UPDATE (4:00 am ET, Feb. 12): It would appear the initial reports of a “30 meter wide” crater may have been incorrect. No photographic evidence of the location of this mystery crater has emerged and AFP journalists are reporting that “nothing was found after a through search of the area yesterday.” However, it remains probable that space debris originating from the Russian Cosmos 2421 spy satellite did re-enter over Mexico — accounting for the eyewitness accounts — but very little debris may have made landfall, if at all.
ORIGINAL POST: According to media sources in Mexico, a 30 meter wide crater was left after a meteorite impacted approximately 100 miles to the northwest of Mexico City in the municipality of Ahuazotepec, Puebla.
Eyewitnesses report seeing a light and then a “roar” as the alleged meteorite hit, swaying nearby buildings. According to one translated source, a bridge had been damaged by the impact that occurred at 6:30 pm local time on Wednesday evening. Windows were also shattered as a result of the blast.
Local authorities reported that emergency phone lines were jammed with scared people calling to find out what was happening.
The Mexican army arrived at the scene and cordoned off the area according to another news source. The possibility of a downed aircraft has been ruled out by the authorities.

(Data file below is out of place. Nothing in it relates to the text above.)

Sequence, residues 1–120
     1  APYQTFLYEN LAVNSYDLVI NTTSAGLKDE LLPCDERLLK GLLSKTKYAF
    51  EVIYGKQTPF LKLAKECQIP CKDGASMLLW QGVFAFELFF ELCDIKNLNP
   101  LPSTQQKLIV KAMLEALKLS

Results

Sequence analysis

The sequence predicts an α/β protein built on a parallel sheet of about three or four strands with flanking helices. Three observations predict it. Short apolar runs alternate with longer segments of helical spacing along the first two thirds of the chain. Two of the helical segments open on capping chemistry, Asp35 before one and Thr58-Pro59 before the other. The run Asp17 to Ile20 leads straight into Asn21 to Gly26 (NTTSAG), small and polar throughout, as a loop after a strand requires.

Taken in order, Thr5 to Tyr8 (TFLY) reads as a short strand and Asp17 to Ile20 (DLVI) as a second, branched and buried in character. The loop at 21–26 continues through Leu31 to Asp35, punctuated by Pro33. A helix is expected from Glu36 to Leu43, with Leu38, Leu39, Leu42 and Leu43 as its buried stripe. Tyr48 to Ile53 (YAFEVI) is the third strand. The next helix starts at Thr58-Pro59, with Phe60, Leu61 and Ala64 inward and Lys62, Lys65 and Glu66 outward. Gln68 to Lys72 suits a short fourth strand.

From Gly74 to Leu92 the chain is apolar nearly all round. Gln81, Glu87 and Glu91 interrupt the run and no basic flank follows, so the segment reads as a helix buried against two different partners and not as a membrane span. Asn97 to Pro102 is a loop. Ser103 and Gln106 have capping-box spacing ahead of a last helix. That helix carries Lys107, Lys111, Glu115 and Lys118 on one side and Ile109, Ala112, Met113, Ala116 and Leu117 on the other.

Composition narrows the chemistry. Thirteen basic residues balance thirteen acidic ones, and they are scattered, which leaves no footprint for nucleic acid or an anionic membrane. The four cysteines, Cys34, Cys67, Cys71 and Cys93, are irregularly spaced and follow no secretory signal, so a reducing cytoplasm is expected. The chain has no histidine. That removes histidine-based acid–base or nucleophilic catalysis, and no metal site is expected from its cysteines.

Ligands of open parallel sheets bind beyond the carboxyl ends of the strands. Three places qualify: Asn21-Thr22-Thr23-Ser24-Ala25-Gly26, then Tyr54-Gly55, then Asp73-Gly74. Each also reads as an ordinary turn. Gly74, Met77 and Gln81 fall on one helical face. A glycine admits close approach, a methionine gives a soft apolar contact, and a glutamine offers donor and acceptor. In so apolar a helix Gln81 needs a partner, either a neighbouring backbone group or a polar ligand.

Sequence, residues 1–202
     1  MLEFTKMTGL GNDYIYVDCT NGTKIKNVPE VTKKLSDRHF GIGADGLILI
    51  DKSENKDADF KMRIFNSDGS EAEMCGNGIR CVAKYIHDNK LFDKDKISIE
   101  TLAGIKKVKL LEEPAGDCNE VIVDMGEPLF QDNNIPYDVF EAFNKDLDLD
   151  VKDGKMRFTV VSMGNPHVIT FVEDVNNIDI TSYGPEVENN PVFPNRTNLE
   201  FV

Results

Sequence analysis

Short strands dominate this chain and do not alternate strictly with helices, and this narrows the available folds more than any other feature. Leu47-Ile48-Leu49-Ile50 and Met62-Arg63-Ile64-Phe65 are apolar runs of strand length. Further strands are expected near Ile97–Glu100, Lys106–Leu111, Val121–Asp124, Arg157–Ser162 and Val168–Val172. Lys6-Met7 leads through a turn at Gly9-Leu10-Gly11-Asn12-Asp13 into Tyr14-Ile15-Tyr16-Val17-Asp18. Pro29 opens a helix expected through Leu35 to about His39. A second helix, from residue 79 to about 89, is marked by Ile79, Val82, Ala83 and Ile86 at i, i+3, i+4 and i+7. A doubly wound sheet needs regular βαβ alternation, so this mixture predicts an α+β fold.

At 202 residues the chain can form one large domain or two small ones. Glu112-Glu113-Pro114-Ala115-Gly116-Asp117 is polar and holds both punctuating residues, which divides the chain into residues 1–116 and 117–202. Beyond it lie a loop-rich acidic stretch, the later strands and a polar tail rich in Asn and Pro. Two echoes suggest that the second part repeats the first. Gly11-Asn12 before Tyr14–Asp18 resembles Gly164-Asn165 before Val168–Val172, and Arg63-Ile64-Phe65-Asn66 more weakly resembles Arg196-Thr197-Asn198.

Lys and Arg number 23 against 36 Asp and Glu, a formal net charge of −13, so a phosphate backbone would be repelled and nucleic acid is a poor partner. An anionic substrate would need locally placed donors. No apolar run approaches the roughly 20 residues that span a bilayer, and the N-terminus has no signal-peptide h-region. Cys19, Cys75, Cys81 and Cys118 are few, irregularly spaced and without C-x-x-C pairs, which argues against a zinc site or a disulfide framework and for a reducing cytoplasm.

However, new reports from the region suggest that the impactor wasn’t a meteorite at all, but it did come from space.
José Jaime Herrera Cortes of the Mexican Space Agency has gone on record to say the object was a piece of space junk originating from a Russian satellite.
Cortes indicates that the U.S. Department of Defense has confirmed the object was a piece of the Cosmos 2421 satellite that was launched in 2006. As of 2008, 15 fragments of the spacecraft were being tracked.
The piece of space junk, cataloged with the ID number 33006 was expected to pass over Mexico at the approximate time of impact.
Personally, I find it strange how there are no photographs of the impact site and few details about the damage that has been done (although the impact site does appear to be in a sparsely populated region). Also, the reports are sketchy, so before we can start drawing any conclusions we’ll have to wait for an official announcement.
NASA’s Orbiting Debris Quarterly News newsletter from 2008 goes into some detail as to the nature of Cosmos 2421. Perhaps unsurprisingly, it was a spy satellite and the U.S. Space Surveillance Network (SSN) had detected “significant fragmentation” of the three ton object earlier that year.
During the April-June period another two fragmentation events were detected, increasing the number of pieces of detectable junk over the size of 5cm to 500.
Cosmos 2421 was the 50th spacecraft of its class to be launched since 1974.
According to the report, “nearly half (22 out of 50) of the spacecraft have fragmented at least once, typically within a few months of the end of their primary missions.” Bizarrely, the cause of these fragmentation events remain unknown.
Original source: Bad Astronomy